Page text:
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How to buy a new car without wrecking your finances
Buying a new car is a big decision. Not so much the make and model, but more about the financial responsibility that comes with it. Unfortunately, what we want and what we need are often at odds with each other, and car buyers end up purchasing a vehicle with a price tag that exceeds their budget…and then some.
Here are a few tips that can help keep your next car purchase in line with what you need, want, and can afford:
All purchases are not created equal
You may have purchased a pair of Manolo Blahnik shoes that were more than a month’s rent, or a new, state-of-the-art gaming system that set you back a few bills, but those splurges can be contained and could be considered short-term lapses in smart financial judgment. They busted your budget, but over the next few grueling months, you can probably get back on track by skipping your daily Starbuck’s run, clearing your calendar, and eating ramen noodles.
Purchasing a car that’s too expensive for your wallet could possibly tie-up your finances for the next 60 months. That’s five years of monthly payments that you may or may not be able to consistently afford. The golden rule of car buying is to NEVER ignore the total price of the car. Regardless of how they package the financing, it won’t change the actual cost. Consider purchasing a vehicle that’s below your means, unless of course, what you’re driving means more to you than your financial sanity.
Down payments are smart…and rare
Ask most car salespeople and they’re likely to say that the percentage of buyers who put down a substantial down payment is pretty low. Whether you fund it with a trade-in or cash that you’ve been saving, a down payment will lower the amount of money you’ll have to pay over time. It’ll decrease your monthly loan payment and hopefully, bring it in line with your budget.
What do you really need?
Make a list of your “must have” and “nice to have” options before you visit the dealership. Everyone wants the newest and coolest features, and for just a few hundred or a couple thousand more dollars, you can have it all…heated seats, parking assist, wi-fi, keyless entry, and a navigation system. Yeah, they’re nice to have, but here’s where you have to determine what you need and what you want because it all leads back to the golden rule.
Rolling over debt is not a solution
Don’t trade one financial problem for another. For the people who get tired of their cars after a few years or feel the need to upgrade their ride every other model year, the idea of holding onto their vehicle until the loan is repaid seems preposterous. To keep themselves in a new car and avoid any down payment, they simply roll one purchase into the next. The deficiency on their current car, because it was worth less than they owed, is added to the new car loan. It’s an ugly cycle that is truly detrimental to your financial health.
Watch for hidden costs
Another thing to consider beyond the price of the car is insurance, repair, and maintenance costs. Generally, the more pricey the car, the more expensive it is to insure and take care of. Talk with your insurance agent to determine how much your monthly insurance premium will increase. Research costs so you’re able to plan for routine maintenance and repairs. Some of the results might lead you away from certain makes and models and toward more reasonably priced alternatives.
Hopefully, these tips will keep your next car purchase from wreaking havoc on your finances. Do your research, consider your budget, and keep your emotions in check. Remember, the decision to buy a car isn’t a “one day and it’s done” choice. It’ll impact the way you manage your financial life for years…and that’s a long time to eat ramen noodles.
The worst advice you can get about buying a car
Are you in the market for a new car? Some people love car shopping and like to think they know all the secrets to getting the best deal. Mention that you’re even thinking about buying a car, and they’ll grab your ear for the next hour telling you about every car they’ve bought and sold over the last 20 years. Heck, they might even offer to go to the dealership with you just to show you how it’s done.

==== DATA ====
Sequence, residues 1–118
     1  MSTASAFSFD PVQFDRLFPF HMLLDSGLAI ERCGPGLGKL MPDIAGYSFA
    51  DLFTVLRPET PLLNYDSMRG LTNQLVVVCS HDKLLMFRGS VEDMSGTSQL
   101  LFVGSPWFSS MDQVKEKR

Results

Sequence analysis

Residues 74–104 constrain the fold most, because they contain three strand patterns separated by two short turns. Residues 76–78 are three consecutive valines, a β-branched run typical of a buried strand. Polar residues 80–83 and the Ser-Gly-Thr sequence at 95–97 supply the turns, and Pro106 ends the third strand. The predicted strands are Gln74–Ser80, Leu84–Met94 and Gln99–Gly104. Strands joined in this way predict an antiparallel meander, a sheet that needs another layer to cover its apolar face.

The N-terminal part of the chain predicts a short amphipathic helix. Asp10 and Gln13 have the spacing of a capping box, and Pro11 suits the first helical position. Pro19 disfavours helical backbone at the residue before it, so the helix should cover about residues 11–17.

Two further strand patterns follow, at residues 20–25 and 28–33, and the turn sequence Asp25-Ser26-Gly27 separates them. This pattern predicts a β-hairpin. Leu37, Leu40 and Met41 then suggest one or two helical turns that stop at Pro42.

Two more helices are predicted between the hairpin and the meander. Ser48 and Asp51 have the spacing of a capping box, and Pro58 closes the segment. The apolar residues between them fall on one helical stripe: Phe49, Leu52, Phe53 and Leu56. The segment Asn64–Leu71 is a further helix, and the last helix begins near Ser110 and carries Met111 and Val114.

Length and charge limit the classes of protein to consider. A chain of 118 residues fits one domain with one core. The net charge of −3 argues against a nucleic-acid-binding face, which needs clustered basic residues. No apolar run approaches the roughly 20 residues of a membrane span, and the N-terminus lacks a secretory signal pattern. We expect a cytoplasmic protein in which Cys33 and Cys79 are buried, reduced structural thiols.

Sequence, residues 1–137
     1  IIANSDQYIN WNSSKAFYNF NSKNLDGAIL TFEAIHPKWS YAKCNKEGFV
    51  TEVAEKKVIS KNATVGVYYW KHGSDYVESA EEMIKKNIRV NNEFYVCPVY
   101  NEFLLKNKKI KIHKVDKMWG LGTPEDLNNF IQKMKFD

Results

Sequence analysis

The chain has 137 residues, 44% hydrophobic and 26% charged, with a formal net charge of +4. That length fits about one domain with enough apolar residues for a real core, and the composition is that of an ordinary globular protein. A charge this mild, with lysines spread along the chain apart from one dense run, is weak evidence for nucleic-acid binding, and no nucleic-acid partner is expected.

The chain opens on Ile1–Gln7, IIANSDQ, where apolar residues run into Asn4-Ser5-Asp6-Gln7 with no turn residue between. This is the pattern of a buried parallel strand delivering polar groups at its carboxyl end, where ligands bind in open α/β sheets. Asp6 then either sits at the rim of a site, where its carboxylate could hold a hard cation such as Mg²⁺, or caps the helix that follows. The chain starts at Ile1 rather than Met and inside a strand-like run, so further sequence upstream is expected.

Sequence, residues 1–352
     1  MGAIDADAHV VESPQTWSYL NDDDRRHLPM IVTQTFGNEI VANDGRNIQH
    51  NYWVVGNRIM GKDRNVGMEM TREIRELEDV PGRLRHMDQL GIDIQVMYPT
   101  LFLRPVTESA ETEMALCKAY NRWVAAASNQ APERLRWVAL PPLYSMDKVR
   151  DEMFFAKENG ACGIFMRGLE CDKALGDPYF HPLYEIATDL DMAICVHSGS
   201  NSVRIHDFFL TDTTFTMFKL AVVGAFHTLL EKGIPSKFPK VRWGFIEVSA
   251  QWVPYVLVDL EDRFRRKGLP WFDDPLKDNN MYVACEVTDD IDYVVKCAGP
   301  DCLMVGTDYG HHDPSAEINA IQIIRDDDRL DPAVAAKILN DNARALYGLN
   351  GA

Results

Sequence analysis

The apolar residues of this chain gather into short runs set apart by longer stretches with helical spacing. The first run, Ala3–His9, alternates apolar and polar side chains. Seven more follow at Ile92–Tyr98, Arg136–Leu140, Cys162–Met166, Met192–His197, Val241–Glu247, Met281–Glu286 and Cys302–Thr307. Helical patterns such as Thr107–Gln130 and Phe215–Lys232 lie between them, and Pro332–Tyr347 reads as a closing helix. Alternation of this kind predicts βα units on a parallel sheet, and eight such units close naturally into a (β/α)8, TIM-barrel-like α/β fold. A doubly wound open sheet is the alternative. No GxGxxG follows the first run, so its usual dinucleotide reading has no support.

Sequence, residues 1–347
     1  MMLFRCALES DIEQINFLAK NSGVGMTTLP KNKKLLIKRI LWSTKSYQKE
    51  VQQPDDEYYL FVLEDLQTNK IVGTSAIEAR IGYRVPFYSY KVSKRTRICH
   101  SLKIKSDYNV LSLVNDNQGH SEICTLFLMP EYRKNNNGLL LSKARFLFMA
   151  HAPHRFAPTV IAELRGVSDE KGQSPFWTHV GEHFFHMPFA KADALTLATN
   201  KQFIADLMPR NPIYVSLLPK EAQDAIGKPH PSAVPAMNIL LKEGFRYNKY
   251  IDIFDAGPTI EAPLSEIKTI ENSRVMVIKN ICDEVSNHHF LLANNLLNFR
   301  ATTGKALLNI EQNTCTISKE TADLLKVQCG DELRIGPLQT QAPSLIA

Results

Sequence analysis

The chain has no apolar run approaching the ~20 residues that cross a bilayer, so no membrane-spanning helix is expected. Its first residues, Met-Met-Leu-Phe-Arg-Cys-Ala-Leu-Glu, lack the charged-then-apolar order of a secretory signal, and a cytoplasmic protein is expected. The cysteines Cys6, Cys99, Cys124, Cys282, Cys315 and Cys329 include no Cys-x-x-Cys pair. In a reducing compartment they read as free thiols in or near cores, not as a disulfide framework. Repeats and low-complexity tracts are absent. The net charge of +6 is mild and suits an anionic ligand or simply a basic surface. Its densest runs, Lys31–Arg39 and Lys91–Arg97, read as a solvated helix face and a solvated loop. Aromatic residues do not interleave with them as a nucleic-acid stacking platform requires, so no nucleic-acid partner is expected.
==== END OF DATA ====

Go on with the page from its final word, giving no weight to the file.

Surely they have your best interest in mind, but people are full of advice that sometimes isn’t as wise as you—or they–might think. You can be kind and let them babble all they want, but in the end, this is likely what you’ll hear:
The wealthier you look, the more you’ll pay
Many think that dressing poorly when you enter the dealership leads the salesperson to believe you don’t have a ton of money. To sell a car, they’ll need to give you a bigger discount. Not true. People come in all shapes and sizes…and grooming habits. Regardless of what you’re wearing, the dealership will ultimately run a credit report, the true picture of your financial standing and credit worthiness. Showering and dressing in your normal casual attire is your best bet. That way, no one will be afraid to get too close.
Wait until the last minute to mention your trade-in
It’s the same thing with coupons, right? You’ll jack up the price so when I pull out my discount, you’ll already have a cushion. Wrong. Why do you think some car dealerships will buy your trade-in even if you don’t buy their new car? Trade-ins make money. In fact, your trade-in, depending on popularity, supply, and demand, may be worth more than you think to the dealer. It’s also more likely that you’ll be able to afford that new car, so the dealer has incentive to offer you the best price.
If you spring your trade-in at the last minute, the salesperson will have to go back and rework all the calculations and paperwork he’s completed so far, a complete waste of time. You’ll also know what the dealer is offering for your trade-in, which will help you decide whether to accept the offer or to sell it privately. No matter what, though, be sure to check the Kelly Blue Book value, so you have a ballpark idea of a fair price.
Focus on the monthly payment, not the total price
Yikes! What kind of math is that? Just because you can afford a monthly payment, doesn’t mean it’s a wise purchase. Consider this: Your new car depreciates as soon as you drive it off the lot, but for the next 5 or 6 years, you’ll be paying the same hefty payment each month. Plan to trade it in in a year or two? You might be upside down and owe more money than it’s worth. In addition, you’ll need to consider what will change in your future finances. Will you be buying a home, raising a family, paying for college, or facing unemployment? The financial decisions you make now will impact you in years to come.